Posted by: moderateaintstupid | July 29, 2010 4:12 PM | Report abuse

"I can do that too.

Is Barack Obama really the love child of Malcolm X?"


Posted by: mikefromArlington | July 29, 2010 11:13 AM


Well, what do you know. Obama really is an American citizen.

Posted by: turkerm | July 29, 2010 4:29 PM | Report abuse

Congrats to "moderateaintstupid" for saying in print what Dems want, but are afraid, to say: "If you don't give it to us willingly, we'll take it by force."

Literal mob rule, or mob rule through Dem confiscation/share the wealth policies, are the same. They just take different forms. As the welfare state runs out of money, the mob will take to the streets like in Greece.

I'd rather take my chances and go down fighting the mob now than bribe them for safety as "moderateaintstupid" demands.

"Millions for defense, but not one cent for tribute."

It was an appropriate response to the Barbary Pirates two hundred years ago and its an appropriate response to Dems and their extortion minded voters now.

We refuse to pay for Peace in our time, because the mob's demands only grow over time. It never stops demanding. Progressive doesn't mean "progress". It means growing like a cancer. Like with cancer, the best remedy for "progressive" policies is to identify the disease and kill it early.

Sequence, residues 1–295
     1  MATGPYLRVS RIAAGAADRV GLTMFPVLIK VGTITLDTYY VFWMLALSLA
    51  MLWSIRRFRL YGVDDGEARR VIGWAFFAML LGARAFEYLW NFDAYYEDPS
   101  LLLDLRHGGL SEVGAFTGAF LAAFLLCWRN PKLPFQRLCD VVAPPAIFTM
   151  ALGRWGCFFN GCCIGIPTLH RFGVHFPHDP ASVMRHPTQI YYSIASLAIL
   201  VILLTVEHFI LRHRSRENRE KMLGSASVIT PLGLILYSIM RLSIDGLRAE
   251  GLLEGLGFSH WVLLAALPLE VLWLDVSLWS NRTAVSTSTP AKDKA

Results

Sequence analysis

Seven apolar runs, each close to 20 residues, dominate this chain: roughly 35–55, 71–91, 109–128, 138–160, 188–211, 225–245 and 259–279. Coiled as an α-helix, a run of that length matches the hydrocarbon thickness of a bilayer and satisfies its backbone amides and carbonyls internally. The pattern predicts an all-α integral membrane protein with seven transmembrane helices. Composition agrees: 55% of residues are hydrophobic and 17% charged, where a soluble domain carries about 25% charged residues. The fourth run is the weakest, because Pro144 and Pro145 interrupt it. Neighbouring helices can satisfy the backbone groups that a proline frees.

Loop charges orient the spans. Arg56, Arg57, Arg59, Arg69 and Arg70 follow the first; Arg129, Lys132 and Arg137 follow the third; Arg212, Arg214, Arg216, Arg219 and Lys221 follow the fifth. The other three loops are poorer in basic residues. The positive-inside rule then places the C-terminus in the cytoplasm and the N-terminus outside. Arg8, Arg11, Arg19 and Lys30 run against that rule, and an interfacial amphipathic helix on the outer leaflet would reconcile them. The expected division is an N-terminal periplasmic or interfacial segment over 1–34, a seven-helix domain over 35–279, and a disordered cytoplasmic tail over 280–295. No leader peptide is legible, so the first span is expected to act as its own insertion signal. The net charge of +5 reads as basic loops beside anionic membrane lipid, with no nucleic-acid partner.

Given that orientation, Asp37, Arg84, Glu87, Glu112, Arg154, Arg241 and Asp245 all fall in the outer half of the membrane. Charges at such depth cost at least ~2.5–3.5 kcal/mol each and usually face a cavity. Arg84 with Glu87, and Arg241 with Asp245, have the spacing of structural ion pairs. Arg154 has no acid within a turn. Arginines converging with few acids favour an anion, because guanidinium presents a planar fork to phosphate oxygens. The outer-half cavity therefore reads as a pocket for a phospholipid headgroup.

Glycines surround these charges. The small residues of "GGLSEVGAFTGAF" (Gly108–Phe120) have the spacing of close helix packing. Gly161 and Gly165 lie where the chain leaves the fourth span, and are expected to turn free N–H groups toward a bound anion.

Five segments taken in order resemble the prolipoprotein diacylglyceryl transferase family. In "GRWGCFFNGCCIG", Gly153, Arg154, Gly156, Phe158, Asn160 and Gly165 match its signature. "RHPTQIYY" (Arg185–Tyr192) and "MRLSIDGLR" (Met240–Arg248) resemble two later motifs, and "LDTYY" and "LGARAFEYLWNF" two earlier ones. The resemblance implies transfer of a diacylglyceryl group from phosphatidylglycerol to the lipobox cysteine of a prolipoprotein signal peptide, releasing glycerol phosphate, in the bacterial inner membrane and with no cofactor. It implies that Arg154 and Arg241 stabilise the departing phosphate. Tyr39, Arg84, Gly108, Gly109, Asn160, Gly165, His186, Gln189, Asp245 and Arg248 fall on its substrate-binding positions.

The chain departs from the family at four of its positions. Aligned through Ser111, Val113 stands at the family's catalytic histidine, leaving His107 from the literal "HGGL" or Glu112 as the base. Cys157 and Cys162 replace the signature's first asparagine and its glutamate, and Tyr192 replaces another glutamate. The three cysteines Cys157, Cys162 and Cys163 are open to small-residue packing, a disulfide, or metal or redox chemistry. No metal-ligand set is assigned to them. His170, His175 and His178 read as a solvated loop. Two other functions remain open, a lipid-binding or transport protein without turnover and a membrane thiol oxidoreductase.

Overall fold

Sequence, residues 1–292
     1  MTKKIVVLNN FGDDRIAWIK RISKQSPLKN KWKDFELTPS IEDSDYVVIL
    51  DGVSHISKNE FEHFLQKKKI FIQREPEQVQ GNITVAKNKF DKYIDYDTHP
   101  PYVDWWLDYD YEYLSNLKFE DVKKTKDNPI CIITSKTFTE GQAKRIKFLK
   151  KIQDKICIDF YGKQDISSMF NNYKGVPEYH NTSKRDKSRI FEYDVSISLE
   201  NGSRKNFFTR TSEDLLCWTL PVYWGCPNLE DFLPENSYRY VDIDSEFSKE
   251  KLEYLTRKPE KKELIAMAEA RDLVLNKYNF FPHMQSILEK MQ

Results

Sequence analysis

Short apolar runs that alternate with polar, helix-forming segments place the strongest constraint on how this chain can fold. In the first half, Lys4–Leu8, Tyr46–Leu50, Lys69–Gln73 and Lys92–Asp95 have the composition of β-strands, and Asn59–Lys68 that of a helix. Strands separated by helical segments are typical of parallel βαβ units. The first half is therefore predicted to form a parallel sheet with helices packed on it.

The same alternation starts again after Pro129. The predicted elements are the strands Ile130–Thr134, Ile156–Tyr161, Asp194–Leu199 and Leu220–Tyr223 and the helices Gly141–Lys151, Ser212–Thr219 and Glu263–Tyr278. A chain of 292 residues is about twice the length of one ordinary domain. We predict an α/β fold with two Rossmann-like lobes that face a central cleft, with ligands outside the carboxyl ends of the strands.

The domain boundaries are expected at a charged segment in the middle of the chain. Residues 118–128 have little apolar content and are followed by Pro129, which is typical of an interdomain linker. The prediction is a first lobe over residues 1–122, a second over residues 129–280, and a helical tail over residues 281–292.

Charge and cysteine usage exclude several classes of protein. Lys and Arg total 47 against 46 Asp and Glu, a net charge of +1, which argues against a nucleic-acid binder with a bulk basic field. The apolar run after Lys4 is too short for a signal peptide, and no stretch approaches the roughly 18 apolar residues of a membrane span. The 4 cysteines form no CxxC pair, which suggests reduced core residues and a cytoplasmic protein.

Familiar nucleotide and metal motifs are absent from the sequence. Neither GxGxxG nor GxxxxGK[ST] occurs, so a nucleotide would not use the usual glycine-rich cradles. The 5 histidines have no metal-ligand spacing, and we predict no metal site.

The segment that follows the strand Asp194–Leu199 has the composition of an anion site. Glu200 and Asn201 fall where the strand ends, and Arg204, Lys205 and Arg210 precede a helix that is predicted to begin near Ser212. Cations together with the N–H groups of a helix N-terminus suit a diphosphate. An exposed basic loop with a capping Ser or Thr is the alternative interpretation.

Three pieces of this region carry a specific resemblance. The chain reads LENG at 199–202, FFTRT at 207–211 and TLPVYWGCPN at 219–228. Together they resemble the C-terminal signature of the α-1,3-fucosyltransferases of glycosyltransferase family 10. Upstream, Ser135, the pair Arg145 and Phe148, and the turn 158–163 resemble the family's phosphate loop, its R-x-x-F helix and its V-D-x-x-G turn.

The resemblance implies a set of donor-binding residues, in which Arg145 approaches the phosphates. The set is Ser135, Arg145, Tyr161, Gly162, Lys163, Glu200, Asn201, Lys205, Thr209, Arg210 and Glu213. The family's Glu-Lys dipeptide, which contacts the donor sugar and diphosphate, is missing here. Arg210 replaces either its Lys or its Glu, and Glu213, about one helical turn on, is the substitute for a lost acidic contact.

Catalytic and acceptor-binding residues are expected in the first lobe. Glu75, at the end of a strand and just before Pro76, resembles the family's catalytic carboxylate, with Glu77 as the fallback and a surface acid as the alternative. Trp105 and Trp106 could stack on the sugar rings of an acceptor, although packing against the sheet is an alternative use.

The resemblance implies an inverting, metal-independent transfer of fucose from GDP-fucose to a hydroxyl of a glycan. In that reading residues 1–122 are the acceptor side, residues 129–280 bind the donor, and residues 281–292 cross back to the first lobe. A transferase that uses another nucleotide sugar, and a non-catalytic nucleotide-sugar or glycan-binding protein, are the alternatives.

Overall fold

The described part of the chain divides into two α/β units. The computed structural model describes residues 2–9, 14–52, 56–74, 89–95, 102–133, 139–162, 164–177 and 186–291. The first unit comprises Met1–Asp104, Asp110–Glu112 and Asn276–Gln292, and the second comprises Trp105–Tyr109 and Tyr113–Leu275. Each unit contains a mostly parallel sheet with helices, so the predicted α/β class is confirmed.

Posted by: jfv123 | July 29, 2010 4:38 PM | Report abuse

Izzo vs. Rollins (Delaware Primary Sep. 14, 2010)

Rose Izzo is a fiscal conservative running against Michele Rollins for Mike Castles old seat. Please visit:

Posted by: TeamIzzo | July 29, 2010 10:14 PM | Report abuse

With combined unemployment (9.9%) and underemployment reaching over 20%, are the jobless workers who continue receiving taxpayer-funded unemployment checks simply slackers who are contributing to the problem?

Indeed 99 weeks of unemployment checks is costly to society, but forcing these people to look for jobs that are unavailable does not change the problem. There will remain six people looking for every job available, though different workers may be drawing the government checks.

And clearly the guy who sits out unemployment for 90 weeks and then starts looking for a job, is not the guy I want working for me. Yes, the money we pay him gets filtered back into the economy, but he — personally — remains a slouch and should do some soul-searching.

Cutting him off at 50 weeks will not help, though it may increase crime and require more cops. But mandating 20 hours of volunteer time per week would help tremendously. It’ll help pay back society while giving the individual even more experience to add to his or her resume. Volunteer at the diabetes center, clean city sidewalks, or whatever. But get off your butt and contribute.

And if you don’t like the term “mandating,” let’s pay him zero for sitting on his tail and $15 per hour (up to 20 hours/week) to work in the “volunteering” capacity and offer free re-education in a new industry.

Jack Lohman

Posted by: jelohman | July 30, 2010 11:20 AM | Report abuse